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1A construction material consisting of pieces of steel with an L-shaped cross-section, able to be bolted together.
- ‘A tower of plain oak chairs reaches for the ceiling like a rickety ladder to gallery heaven, supported at a juncture of the extended metal cabin and the greenhouse of the pickup's bed by an armature of rusted angle iron.’
- ‘Put galvanized steel on the top part of the styrofoam-plywood pieces and angle iron on the vertical edges.’
- ‘Some of the signs of a lower-quality trailer are smaller channel, angle iron, pine floors, and floors screwed rather than bolted.’
- ‘I welded steel and angle iron to the bucket to reinforce the grapple fork control and hoses were moved to the front where they are accessible to the operator.’
- ‘I added a piece of 2-inch angle iron to the hydraulic cylinder that operates the spout.’
- ‘I used 4-inch angle iron to make a 30-inch adapter between the regular carrier and the three-point hitch.’
- ‘Workers again placed concrete mud beds on the subgrade under the drains and attached angle iron to them with concrete anchors.’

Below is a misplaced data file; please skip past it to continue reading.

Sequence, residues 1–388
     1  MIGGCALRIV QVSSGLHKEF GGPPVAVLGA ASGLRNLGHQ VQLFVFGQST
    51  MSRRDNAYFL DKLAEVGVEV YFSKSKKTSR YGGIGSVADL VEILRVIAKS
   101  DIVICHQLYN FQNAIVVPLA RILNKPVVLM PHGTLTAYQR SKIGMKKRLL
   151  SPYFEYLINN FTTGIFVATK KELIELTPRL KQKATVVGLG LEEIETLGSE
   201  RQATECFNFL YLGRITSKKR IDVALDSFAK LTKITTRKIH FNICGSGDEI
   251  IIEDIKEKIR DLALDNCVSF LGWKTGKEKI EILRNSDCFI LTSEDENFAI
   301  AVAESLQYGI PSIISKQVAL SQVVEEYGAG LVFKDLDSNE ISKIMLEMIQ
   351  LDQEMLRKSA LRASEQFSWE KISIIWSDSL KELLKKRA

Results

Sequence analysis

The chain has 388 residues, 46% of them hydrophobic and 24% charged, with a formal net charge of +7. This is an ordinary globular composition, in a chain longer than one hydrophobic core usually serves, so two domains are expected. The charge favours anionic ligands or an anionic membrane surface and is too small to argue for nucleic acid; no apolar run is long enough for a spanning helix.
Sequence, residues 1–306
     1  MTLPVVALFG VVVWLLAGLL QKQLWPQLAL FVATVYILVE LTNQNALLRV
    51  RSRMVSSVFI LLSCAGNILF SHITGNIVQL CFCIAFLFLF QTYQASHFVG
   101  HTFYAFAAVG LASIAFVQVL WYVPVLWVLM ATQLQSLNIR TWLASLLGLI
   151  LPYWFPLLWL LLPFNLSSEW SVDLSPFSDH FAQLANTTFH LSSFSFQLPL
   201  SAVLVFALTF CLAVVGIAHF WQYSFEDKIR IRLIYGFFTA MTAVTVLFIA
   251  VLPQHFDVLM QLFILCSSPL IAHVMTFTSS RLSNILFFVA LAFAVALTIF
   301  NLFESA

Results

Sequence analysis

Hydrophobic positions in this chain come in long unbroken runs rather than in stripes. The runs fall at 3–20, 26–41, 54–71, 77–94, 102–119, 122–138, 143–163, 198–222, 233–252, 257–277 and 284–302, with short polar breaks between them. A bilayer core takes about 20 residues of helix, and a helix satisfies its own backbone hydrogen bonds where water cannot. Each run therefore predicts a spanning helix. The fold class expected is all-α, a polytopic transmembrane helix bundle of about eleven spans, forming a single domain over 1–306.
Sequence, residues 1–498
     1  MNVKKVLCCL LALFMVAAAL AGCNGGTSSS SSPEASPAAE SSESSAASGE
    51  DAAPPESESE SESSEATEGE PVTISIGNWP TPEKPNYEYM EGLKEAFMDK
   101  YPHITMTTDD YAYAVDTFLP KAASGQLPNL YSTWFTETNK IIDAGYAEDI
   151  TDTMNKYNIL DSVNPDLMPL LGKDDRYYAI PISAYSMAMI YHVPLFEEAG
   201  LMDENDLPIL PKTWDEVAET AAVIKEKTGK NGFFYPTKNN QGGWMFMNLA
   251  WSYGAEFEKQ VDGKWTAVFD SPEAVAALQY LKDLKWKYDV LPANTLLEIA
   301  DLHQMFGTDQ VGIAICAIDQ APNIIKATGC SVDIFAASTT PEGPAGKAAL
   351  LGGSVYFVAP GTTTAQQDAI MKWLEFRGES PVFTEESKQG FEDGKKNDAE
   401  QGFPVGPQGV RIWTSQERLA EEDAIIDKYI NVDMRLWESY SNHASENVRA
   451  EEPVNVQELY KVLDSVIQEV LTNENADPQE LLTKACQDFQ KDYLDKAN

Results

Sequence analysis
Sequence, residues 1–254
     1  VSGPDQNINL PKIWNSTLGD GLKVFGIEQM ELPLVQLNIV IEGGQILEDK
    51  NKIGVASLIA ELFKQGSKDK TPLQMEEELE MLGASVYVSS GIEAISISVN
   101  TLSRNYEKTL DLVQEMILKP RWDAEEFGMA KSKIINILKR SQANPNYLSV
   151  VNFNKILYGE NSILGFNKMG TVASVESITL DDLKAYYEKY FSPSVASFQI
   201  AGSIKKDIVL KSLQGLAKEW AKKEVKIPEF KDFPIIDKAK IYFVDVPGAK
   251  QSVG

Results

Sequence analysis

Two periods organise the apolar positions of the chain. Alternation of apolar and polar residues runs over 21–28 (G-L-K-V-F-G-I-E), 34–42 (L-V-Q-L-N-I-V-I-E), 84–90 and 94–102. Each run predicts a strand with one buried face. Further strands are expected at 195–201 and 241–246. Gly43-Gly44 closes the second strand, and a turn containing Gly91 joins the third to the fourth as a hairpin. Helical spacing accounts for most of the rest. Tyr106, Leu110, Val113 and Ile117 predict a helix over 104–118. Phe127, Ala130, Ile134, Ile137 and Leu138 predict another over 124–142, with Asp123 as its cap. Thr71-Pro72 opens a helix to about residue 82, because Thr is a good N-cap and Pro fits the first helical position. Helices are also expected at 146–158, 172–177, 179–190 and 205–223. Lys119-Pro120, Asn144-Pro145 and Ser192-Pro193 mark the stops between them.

- 1.1 A piece of angle iron.
- ‘The examiner suggested to Mr. Mitchell that no-one from Emmons & Mitchell or Abe Dick had gone to the owners or to Mr. Garbutt to ask permission to remove the angle irons, to which Mr. Mitchell responded that there was nothing in writing.’
- ‘Alternating T-beams and angle irons, he spliced and overlapped their junctures, tying them together with chicken wire that he then tightly wrapped with wire mesh.’
- ‘Secure angle irons on the inside of the cornice top, near the ends, and at 45 ‘intervals or less.’’
- ‘The bricks may be laid flat or on end, and to keep them from spreading, drive an angle iron against the corners.’
- ‘As shown in the photo, vertical form panels secured to the angle iron formed the walls of the drain, but the drain floors were left open.’
angle iron/ˈaNGɡəl ˈī(ə)rn/
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